£352m legacy PPI costs drop Yorkshire Bank group back into statutory losses

Yorkshire Bank’s parent, the Clydesdale and Yorkshire Banking Group (CYBG), has returned to reporting an annual statutory loss after paying out legacy PPI costs totalling £352m during the last year.

Publishing its annual results to 30 September, the bank said it had made a statutory pre-tax loss of £145m. Last year the bank had returned to statutory profits for the first time in five years, reporting a statutory pre-tax profit of £182m. It said its return to statutory losses was primarily due to legacy conduct costs of £396m in the year (2017: £58m). Total PPI provision during 2018 was £352m, while the bank also paid out £44m for other legacy conduct.

However, its underlying pre-tax profit was up 13% year-on-year to £331m and the listed bank recommend a dividend payment of 3.1p per share to all shareholders.

The annual results have been published a day after hundreds of small businesses confirmed they were looking to take £350m legal action against CYBG over claims they were mis-sold loans. RGL Management, which represents the SMEs, expects to make a claim against Clydesdale and its former parent, National Australia Bank (NAB), in the first half of next year. RGL alleges that small businesses suffered a loss from tailored business loans that were sold to them between 2001 and 2012.

During the year, CYBG accounted £38m for restructuring and related expenses. It said: “Restructuring of the business is currently ongoing with costs including redundancy payments, property vacation costs, associated enablement costs and non-recurring costs arising from operational transformation.”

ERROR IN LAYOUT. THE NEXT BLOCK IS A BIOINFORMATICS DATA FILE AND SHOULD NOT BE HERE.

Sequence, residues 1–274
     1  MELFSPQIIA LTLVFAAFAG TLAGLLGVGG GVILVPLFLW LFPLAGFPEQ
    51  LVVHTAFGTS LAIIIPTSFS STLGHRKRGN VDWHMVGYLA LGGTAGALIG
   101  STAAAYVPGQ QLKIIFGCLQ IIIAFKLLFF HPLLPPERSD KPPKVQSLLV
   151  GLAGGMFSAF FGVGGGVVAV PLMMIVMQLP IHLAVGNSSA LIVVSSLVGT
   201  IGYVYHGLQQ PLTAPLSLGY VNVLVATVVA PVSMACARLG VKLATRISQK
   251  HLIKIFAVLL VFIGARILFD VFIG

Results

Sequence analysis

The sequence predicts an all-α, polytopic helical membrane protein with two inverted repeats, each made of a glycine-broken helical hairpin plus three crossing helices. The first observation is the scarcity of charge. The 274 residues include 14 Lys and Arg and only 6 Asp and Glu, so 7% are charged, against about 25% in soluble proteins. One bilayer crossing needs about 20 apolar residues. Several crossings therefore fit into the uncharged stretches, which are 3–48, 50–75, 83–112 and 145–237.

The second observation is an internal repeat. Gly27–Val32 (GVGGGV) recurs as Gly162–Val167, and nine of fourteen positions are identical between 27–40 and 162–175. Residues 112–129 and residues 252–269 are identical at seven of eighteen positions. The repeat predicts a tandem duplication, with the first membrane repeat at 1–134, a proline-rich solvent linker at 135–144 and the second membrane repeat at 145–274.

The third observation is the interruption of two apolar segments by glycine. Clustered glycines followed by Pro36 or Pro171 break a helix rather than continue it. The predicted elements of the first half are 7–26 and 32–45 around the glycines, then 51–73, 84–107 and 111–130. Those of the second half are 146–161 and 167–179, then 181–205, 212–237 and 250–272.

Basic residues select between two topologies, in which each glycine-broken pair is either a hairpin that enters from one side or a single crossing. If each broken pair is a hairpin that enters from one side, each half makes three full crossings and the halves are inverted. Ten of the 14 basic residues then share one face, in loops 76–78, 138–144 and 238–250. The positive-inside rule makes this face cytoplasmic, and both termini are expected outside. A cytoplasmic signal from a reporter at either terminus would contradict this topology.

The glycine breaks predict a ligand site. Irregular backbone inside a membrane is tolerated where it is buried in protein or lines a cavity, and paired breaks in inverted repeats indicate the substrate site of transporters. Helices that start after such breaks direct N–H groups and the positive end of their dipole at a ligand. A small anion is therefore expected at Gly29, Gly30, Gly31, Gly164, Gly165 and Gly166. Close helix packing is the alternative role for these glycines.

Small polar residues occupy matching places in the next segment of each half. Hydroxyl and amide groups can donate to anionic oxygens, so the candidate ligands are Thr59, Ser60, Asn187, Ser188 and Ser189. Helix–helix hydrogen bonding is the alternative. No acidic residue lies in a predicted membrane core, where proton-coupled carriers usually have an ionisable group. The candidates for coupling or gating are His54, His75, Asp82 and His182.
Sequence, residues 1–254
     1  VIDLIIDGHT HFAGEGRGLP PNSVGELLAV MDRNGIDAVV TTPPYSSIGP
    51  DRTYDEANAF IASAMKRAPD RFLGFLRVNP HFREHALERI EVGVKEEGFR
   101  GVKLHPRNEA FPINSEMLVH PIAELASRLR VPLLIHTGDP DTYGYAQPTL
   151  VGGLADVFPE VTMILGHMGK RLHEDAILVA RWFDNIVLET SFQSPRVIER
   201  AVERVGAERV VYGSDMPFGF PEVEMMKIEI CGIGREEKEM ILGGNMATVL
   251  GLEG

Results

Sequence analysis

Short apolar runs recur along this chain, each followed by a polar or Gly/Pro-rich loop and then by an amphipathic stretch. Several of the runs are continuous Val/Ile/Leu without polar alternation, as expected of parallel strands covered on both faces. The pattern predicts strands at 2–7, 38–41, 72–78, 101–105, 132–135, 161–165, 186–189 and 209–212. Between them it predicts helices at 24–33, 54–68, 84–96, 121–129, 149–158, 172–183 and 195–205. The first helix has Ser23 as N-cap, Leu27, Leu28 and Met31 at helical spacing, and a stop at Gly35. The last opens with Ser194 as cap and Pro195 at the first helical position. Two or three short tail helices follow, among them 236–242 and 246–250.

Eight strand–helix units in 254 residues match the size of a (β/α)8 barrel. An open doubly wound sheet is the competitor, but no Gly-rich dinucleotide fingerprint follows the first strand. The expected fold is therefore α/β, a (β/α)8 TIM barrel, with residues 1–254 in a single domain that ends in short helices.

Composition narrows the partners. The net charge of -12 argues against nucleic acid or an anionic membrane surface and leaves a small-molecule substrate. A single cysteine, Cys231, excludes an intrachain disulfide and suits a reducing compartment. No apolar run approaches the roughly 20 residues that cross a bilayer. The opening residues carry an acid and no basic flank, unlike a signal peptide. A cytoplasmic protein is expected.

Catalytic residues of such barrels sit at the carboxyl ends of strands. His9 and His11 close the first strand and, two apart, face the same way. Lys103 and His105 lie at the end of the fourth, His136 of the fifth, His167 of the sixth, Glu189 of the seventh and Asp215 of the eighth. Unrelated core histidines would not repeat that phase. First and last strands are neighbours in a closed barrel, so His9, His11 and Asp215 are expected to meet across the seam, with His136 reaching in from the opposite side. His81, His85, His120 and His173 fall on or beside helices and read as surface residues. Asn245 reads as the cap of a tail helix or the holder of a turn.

It is also now formalising its £75m acquisition of Virgin Money, after receiving shareholder approval for the deal last month. Costs during the year for the acquisition totalled £37m. 

CYBG’s core SME lending portfolio increased by £381m (5.6%) in the year. CYBG said: “We are outperforming the market, despite the subdued demand resulting from Brexit uncertainty, as a result of our strong propositions and sector focus, while maintaining high credit underwriting standards. We are delivering on our pledge to support small and medium sized businesses across the UK as part of our  commitment to lend £6bn in the three years to 2019.”

It reported a total customer lending growth of 4.2% to £28.9bn and a loan growth of 4.1% to £33.3bn.

David Duffy, Chief Executive Officer said: “It has been a landmark year for CYBG, continuing to deliver ahead of market growth and meeting our underlying financial targets in a highly competitive market, while also completing the transformational Virgin Money acquisition in October 2018 following overwhelming shareholder support. 

“In a competitive market, we have delivered an increase in underlying profits, returns and capital generation – all of which means we are delighted to recommend an increase to last year’s inaugural CYBG dividend, payable to all shareholders.

“Clearly Brexit negotiations mean the external political and macro economic environment remains inherently uncertain. We have planned for a period of uncertainty, but it is impossible to ignore the lower levels of business confidence, especially for SMEs, while the final specific outcome of negotiations remains unclear.

“CYBG has a bright future with a unique combination of growth opportunities. We will participate strongly in the RBS alternative remedies schemes, have a stronger competitive edge as the first IRB accredited bank since the financial crisis, can fully leverage our iB platform in the new Open Banking landscape, and, of course, our combination with Virgin Money creates a genuine national competitor to the banking status quo.”

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